Ask “Mr. Music”
Jerry Osborne


DEAR JERRY: Here is a quirky question, one I would not ask very many people for fear of being ridiculed.

In the summer of 1970, mostly due to the hit single “The Tears of a Clown,” I got on a Smokey Robinson and the Miracles kick.

For Christmas that year, I got their two most recent albums, “A Pocket Full of Miracles” (Tamla 306), and a Christmas LP, “The Season for Miracles” (Tamla 307).

Then in January '71, I bought “The Tears of a Clown” album (Tamla 276), and then a few months later “One Dozen Roses” (Tamla 312).

The quirky part is how the numbers appeared to be consecutive — at least 306, 307, and 312.

So why is what is probably their biggest hit ever, “The Tears of a Clown” (No. 276) completely out of sequence?
—Peter Gaines, Huntsville, Ala.

DEAR PETER: I think you'll like our new motto: “Bring me your tired, your poor, your huddled masses, and your quirky questions.”

Tamla 276 originally came out in perfect sequence, in 1967 right between 271 and 280.

That is when the LP you know as “The Tears of a Clown” originally came out, but with the title “Make It Happen.”

How Tamla-Motown first underestimated a compelling track like “The Tears of a Clown” we don't know, but they failed to release it as a single.

The two single hits on “Make It Happen” are “The Love I Saw in You Was Just a Mirage” and “More Love,” neither of which climbed any higher than No. 20 nationally.

Meanwhile, “The Tears of a Clown” languished seemingly unnoticed for three years!

Then all it did, as you pointed out, was become the biggest hit ever for Smokey Robinson and the Miracles.

In December 1970, Motown repackaged “Make It Happen,” keeping the same 12 tracks and cover art, simply replacing the old title with “The Tears of a Clown,” to take advantage of what was at that time the No. 1 hit in the country.

Perhaps unaware of your quirky observation ability, they recycled the same selection number as used three years earlier for “Make It Happen.”

DEAR JERRY: It's funny how certain lyrics can stay with you for a lifetime, especially if you occasionally put them to use.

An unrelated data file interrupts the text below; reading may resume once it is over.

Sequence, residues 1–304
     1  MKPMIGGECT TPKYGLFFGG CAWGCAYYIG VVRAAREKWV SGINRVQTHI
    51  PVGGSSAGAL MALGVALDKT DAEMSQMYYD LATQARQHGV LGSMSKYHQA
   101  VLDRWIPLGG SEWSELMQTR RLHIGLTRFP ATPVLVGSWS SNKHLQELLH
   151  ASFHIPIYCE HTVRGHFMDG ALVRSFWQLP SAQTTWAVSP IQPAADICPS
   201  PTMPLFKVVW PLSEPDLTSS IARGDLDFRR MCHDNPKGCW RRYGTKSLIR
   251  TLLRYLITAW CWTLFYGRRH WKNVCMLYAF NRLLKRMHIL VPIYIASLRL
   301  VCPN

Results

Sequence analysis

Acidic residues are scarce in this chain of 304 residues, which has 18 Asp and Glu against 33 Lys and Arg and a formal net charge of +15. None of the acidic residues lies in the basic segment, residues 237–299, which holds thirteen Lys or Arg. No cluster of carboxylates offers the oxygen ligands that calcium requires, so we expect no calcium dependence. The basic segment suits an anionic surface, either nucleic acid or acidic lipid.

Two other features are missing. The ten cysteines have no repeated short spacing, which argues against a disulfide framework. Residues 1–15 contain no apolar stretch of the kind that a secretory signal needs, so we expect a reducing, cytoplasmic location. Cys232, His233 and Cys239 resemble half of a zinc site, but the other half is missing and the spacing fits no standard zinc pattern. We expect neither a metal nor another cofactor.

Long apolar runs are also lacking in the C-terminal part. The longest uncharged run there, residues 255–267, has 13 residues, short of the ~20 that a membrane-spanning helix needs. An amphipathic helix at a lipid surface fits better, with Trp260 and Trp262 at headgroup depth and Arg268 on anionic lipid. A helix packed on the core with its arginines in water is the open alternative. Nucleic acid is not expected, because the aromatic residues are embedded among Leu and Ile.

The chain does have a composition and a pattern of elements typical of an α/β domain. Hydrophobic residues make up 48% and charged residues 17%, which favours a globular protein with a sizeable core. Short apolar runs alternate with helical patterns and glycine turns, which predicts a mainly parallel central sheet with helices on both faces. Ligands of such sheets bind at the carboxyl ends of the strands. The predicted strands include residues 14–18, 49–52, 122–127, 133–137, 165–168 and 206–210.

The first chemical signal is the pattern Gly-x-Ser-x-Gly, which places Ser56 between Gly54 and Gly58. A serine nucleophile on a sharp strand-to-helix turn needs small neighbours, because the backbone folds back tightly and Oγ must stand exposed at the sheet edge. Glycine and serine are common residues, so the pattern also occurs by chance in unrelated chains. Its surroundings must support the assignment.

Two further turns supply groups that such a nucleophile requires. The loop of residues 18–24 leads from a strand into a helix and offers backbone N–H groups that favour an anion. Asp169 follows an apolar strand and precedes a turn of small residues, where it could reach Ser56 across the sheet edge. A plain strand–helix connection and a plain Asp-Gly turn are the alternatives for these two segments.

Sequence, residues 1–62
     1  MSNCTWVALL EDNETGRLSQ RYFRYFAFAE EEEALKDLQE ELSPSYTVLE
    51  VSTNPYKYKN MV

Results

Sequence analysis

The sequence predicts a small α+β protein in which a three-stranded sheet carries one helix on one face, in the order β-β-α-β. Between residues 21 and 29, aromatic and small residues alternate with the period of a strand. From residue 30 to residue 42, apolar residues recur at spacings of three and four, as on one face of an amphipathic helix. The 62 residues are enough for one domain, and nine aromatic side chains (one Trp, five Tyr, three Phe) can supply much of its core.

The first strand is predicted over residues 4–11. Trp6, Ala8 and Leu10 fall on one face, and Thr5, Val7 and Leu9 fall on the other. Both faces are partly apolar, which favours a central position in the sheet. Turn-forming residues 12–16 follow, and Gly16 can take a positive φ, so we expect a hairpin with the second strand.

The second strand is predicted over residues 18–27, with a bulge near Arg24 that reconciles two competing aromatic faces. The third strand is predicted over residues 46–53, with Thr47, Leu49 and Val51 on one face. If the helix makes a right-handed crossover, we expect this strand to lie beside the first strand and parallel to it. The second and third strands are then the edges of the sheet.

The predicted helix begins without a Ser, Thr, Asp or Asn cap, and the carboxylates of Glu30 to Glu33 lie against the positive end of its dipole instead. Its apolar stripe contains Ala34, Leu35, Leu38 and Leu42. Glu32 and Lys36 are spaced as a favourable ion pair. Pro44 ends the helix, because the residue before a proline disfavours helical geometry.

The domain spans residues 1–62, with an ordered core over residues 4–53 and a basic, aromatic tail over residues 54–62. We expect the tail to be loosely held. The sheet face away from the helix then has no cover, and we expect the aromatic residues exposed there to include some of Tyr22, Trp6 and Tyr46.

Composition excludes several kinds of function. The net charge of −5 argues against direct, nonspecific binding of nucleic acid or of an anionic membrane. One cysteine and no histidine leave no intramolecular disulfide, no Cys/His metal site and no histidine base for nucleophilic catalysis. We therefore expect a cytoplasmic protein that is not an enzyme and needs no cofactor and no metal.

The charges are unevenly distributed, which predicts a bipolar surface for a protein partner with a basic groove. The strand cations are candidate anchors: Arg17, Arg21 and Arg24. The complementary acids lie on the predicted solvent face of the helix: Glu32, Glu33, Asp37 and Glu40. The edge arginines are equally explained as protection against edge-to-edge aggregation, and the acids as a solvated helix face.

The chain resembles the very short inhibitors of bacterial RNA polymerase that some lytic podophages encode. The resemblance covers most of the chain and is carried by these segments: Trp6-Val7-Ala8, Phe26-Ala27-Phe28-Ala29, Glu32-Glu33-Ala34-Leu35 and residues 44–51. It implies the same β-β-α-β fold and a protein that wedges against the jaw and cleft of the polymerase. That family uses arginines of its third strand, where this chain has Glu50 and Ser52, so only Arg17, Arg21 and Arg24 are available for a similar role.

For example, I have a girl friend who is sometimes down in the dumps. As a joke of sorts, I sing these words to her, inspired by an old song: “You go 'round moping and you go around blue.”

However silly, it always makes her smile.

She has never heard the actual song, but if you will identify it I can buy it for her.
—Mary Eastman, Atlanta, Ga.

DEAR MARY: Your story strengthens my belief in the therapeutic value of music, and now you shall have the information needed to assist with your practice:

The medicinal song is “Come Back, Silly Girl” (Capitol 4699) a Top 20 hit in early 1962 for the Lettermen.

Aside from the need to modify the personal pronouns, from “I go 'round moping and I go around blue,” your recollection of the opening lyrics is just what the doctor ordered.

Most of the “Greatest Hits” and “Best of” Lettermen albums include “Come Back, Silly Girl.” I have it on “The Lettermen - Collectors Series” (Capitol 077779853724), which usually turns up for under $10.

IZ ZAT SO? Very, very few '60s music lovers would connect anyone but the Lettermen with “Come Back, Silly Girl,” but the song came out over a year earlier (September 1960) by Steve Lawrence.

For the four singles and 12 months between late 1959 and '60, Steve went two for four.

“Pretty Blue Eyes” (ABC-Paramount 10058) and “Footsteps” (ABC-Paramount 10085) both made the Top 10, but neither of the next two ABC singles charted at all: “Why, Why, Why” (ABC-Paramount 10113) and “Come Back, Silly Girl” (ABC-Paramount 10146).

The ups and downs of the record business no doubt had ABC and Steve both asking the musical question, “Why, Why, Why?”

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